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A prospective study of vaginal trichomoniasis and HIV-1 shedding in women on antiretroviral therapy

Linnet N Masese1*, Susan M Graham256, Ruth Gitau5, Nobert Peshu6, Walter Jaoko5, Jeckoniah O Ndinya-Achola5, Kishorchandra Mandaliya7, Barbra A Richardson48, Julie Overbaugh8 and R Scott McClelland1235

Author Affiliations

1 Department of Epidemiology, Box 357236, University of Washington, Seattle, Washington 98195, USA

2 Department of Medicine, Box 356420, University of Washington, Seattle, Washington 98195, USA

3 Department of Global Health, Box 358116, University of Washington, Seattle, Washington 98195, USA

4 Department of Biostatistics, Box 357232, University of Washington, Seattle, Washington 98195, USA

5 Department of Medical Microbiology, University of Nairobi, P.O. Box 30197-00100, Nairobi, Kenya

6 Kenya Medical Research Institute, P.O. Box 230-80108, Kilifi, Kenya

7 Coast Provincial General Hospital, P.O. Box 90231, Mombasa, Kenya

8 Division of Human Biology, Fred Hutchinson Cancer Research Center, P.O. Box 19024, Seattle, Washington 98109, USA

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BMC Infectious Diseases 2011, 11:307  doi:10.1186/1471-2334-11-307

Published: 3 November 2011



Trichomonas vaginalis has been associated with increased vaginal HIV-1 RNA shedding in antiretroviral therapy (ART)-naïve women. The effect of trichomoniasis on vaginal HIV-1 shedding in ART-treated women has not been characterized. We tested the hypothesis that T. vaginalis infection would increase vaginal HIV-1 RNA shedding in women on ART, and that successful treatment would reduce vaginal HIV-1 RNA levels.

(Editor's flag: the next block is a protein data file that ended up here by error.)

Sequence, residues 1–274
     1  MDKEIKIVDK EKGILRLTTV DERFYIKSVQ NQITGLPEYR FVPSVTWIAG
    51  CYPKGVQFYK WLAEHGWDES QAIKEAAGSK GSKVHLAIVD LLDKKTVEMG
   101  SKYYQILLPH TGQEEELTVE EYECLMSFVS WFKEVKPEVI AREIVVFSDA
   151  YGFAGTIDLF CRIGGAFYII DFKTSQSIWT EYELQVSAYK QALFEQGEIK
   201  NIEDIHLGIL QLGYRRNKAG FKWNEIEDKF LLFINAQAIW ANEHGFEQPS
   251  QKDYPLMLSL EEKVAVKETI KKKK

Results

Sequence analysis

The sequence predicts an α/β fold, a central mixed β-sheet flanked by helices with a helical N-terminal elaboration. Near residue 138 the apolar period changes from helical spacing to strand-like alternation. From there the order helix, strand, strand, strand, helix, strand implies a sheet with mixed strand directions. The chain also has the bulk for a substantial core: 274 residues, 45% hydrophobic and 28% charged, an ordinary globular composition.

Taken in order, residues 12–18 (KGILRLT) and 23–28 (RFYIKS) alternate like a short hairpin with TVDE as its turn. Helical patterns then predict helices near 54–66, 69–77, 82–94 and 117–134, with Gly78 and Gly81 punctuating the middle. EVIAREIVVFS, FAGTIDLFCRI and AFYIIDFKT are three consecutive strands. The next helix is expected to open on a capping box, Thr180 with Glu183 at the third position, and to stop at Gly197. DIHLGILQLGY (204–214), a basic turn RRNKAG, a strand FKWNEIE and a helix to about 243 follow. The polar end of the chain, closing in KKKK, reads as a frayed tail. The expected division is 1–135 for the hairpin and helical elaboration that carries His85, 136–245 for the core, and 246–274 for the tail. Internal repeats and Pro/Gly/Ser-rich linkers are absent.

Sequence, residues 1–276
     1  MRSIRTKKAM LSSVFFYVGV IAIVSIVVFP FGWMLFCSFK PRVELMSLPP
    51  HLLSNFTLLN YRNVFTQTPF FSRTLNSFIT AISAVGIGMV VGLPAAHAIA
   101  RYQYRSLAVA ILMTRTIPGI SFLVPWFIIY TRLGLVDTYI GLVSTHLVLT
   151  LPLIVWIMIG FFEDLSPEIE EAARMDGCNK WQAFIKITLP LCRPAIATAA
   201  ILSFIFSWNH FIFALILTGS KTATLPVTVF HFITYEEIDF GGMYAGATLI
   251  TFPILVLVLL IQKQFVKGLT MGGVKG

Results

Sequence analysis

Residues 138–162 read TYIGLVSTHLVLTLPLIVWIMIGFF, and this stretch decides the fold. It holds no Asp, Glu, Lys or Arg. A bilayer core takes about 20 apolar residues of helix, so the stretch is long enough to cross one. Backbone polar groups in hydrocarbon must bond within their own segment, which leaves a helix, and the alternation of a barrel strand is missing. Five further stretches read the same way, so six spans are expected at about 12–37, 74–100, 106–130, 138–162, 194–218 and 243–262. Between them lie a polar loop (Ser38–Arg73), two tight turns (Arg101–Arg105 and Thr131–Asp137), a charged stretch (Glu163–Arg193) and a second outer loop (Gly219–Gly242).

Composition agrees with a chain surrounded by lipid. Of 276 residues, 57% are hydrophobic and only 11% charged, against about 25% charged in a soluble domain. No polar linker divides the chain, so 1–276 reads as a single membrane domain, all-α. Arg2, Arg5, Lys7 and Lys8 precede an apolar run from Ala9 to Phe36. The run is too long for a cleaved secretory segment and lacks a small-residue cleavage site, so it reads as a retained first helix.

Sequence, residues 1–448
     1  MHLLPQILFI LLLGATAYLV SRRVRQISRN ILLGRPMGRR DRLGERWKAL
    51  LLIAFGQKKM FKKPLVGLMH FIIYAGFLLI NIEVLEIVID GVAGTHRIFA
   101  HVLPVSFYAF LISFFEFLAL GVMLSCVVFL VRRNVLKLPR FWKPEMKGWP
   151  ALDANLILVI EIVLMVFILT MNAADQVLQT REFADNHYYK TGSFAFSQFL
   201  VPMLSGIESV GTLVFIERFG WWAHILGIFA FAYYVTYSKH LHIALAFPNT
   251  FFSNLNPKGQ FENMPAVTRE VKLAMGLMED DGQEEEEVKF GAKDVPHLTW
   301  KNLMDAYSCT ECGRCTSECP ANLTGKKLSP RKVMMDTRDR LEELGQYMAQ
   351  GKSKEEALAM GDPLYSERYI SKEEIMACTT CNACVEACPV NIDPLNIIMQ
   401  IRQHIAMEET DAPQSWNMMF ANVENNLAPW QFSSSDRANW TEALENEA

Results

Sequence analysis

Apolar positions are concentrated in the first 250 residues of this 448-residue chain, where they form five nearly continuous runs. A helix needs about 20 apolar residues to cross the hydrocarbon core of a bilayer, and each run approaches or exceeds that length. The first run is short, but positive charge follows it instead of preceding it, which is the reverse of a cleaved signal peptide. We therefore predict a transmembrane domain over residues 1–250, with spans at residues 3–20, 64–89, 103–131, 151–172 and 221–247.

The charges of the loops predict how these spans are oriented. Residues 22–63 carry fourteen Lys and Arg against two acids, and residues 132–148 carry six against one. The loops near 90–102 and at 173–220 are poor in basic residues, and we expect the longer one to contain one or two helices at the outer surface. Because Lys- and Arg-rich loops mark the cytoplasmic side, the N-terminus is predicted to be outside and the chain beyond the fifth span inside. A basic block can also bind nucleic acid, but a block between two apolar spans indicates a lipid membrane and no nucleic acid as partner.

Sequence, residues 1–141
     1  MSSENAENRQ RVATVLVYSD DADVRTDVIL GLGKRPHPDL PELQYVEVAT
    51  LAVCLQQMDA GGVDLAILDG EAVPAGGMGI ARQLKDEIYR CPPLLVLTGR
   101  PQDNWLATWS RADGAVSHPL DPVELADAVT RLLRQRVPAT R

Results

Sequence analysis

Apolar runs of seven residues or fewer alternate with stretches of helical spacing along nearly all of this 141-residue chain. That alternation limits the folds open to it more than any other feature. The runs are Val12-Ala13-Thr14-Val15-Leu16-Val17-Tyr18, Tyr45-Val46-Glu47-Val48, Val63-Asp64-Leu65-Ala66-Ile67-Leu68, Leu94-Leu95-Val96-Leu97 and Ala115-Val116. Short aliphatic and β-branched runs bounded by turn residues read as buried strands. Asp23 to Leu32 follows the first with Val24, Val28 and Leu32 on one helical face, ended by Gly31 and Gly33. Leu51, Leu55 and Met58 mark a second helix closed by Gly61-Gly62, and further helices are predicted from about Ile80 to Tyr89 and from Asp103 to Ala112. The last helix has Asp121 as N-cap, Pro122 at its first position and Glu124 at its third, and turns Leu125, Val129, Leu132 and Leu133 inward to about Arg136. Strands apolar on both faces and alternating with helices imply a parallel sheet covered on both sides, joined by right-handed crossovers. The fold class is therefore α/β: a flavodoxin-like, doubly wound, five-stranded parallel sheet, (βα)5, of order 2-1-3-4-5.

We conducted a prospective cohort study including monthly follow-up of 147 women receiving ART in Mombasa, Kenya. Those with T. vaginalis infection, defined by the presence of motile trichomonads on vaginal saline wet mount, received treatment with single dose metronidazole (2 g). Test of cure was performed at the next monthly visit. Using the pre-infection visit as the reference category, we compared detection of vaginal HIV-1 RNA before versus during and after infection using generalized estimating equations. A cut-off of 100 HIV-1 RNA copies/swab was used as the lower limit for linear quantitation.


Among 31 women treated for trichomoniasis, the concentration of vaginal HIV-1 RNA was above the limit for quantitation before, during, and after T. vaginalis infection in 4 (13% [95% CI 4% - 30%]), 4 (13% [95% CI 4% - 30%]), and 5 (16% [95% confidence interval {CI} 5% - 34%]) women respectively. After adjusting for potential confounding factors, we could detect no difference in the likelihood of detecting vaginal HIV-1 RNA before versus during infection (odds ratio [OR] 1.41, 95% CI 0.23 - 8.79, p = 0.7). In addition, detection of HIV-1 RNA was similar before infection versus after successful treatment (OR 0.68, 95% CI (0.13 - 3.45), p = 0.6).


Detection of vaginal HIV-1 RNA during ART was uncommon at visits before, during and after T. vaginalis infection.

Trichomonas vaginalis; vaginal infection; antiretroviral therapy; HIV-1; women; Africa